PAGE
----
Next come the instructions. Since this post is intended to help someone learn to read a pattern, I thought it would be best to post the instructions & then break them down. I did not take pictures of the steps as this post is not intended as a tutorial. If there is a need, later on, I can create a tutorial post to make this flower. I promise you, it's very easy!
This pattern is only 6 lines long. We'll take each line (or round) individually.
RD 1: With black yarn: 5 sc in magic circle, ss to join
You've looked up magic circle & tested it out. Now you're ready to start. Using your black yarn, work a total of 5 single crochets into your magic circle. I recommend using a stitch marker to mark the first single crochet, so you know which stitch to use to join the stitches. Once you have make 5 single crochets, close the circle by slip stitching to the first single crochet. Now tighten the circle by gently pulling on the magic circle tail until there is no hole.
RD 2: sc in each st, ss to join. Fasten off black & switch to red.
Continuing with your black yarn, you will single crochet in each single crochet you just made. To start, remove the stitch marker and make the first single crochet. You may wish to mark this stitch as, once again, this is the stitch you will use to join the circle.
After you make all your single crochets, you will slip stitch to the first single crochet to join the circle. You can either slip stitch using the black yarn and then join the red yarn in the next round or you can join the red yarn in the last stitch (this is what I do.) To join the red in the last stitch:
Make all 5 single crochets. When you come to your slip stitch, insert your hook into the first single crochet DO NOT PULL THE BLACK YARN THROUGH. Instead, drop the black yarn and pick up the red yarn and pull the RED yarn through to complete your slip stitch. Cut the black yarn leaving a long tail which you will weave in later. Your red is now attached & you can continue to round #3. In Rounds 3 & 4, we're going to use the red yarn to make the foundation for two rows of petals.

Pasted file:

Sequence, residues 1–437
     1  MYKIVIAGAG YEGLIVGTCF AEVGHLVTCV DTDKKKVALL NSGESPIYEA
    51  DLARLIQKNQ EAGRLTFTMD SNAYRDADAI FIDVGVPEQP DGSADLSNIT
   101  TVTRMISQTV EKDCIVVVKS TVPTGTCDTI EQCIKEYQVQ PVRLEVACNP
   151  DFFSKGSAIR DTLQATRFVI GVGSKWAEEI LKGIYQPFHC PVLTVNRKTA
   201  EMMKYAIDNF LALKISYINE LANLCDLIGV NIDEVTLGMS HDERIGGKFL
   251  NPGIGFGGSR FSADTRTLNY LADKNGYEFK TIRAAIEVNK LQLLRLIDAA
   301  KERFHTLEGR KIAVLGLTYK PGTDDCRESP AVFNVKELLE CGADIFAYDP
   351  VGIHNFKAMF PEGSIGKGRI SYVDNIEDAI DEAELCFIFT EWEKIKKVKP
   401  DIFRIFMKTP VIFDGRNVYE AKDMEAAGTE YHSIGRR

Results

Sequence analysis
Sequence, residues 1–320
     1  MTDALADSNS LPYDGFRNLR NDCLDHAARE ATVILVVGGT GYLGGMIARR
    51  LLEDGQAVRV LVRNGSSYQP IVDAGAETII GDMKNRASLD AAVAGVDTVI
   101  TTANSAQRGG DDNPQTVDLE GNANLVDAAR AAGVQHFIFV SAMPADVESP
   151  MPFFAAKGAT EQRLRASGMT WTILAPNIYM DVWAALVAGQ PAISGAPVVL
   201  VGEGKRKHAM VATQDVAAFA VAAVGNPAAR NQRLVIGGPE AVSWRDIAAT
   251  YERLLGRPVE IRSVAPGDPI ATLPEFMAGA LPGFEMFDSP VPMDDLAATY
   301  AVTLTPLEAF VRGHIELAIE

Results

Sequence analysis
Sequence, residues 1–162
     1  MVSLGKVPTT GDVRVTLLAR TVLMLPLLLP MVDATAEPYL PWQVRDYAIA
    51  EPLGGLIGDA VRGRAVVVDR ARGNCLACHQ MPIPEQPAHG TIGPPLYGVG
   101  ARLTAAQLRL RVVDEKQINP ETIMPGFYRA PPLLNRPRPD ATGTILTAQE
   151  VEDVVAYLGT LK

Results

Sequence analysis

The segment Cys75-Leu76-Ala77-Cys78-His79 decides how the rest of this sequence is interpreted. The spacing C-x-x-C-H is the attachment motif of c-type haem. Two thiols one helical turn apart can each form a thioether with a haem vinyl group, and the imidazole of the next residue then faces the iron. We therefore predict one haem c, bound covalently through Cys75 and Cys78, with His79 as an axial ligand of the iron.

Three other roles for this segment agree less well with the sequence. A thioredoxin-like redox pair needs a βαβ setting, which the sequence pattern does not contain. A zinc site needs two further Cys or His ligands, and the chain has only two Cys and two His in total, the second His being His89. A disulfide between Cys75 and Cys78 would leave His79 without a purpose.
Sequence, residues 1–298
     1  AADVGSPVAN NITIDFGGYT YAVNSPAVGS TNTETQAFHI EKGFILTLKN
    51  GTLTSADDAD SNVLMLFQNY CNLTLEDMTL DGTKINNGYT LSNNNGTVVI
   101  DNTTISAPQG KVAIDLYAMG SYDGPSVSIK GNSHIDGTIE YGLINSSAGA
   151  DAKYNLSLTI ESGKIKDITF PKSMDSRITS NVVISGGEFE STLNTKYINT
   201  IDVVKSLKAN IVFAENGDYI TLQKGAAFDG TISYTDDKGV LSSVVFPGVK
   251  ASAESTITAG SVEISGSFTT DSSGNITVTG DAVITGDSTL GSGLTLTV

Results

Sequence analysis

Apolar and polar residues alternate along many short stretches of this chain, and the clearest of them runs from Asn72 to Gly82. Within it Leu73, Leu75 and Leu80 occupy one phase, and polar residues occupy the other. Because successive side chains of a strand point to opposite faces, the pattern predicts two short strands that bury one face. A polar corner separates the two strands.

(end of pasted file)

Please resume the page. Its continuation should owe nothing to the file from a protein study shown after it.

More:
RD 3: (*ch2, 1sc in next st*) repeat around from * to *
To read these instructions you need to know that the information in the parenthesis is meant to be read as a complete set of instructions. Also, when you see an asterisk (*) that means the stitches given between the two asterisk will be repeated. So, for this round using the RED yarn, what we're going to do is chain 2 stitches and then make 1 single crochet in the first single crochet of your circle. This completes the instructions in the parenthesis. You can now move on to the next set of instructions, which tells us to repeat these instructions in the next stitch. So, you will once again chain 2 and make 2 single crochet in the next single crochet in your circle. Complete this process until you've come to the last stitch. Since you're ending with a single crochet, you will single crochet in the stitch where you started the chain 2 process.
RD 4: repeat RD 3 in same stitches. You will have 2 st and 2 ch2 spaces in each sc
– one set in the front & one in the back.
These instructions are read as: Repeat round #3 using the same technique & stitches. Something that is different for this row is the additional information in italics. You will sometimes see this on instruction sheets if the author feels additional information should be given. In this case, the additional information is to assure the reader that they should be making two stitches in each single crochet, as this is not something that would usually be done.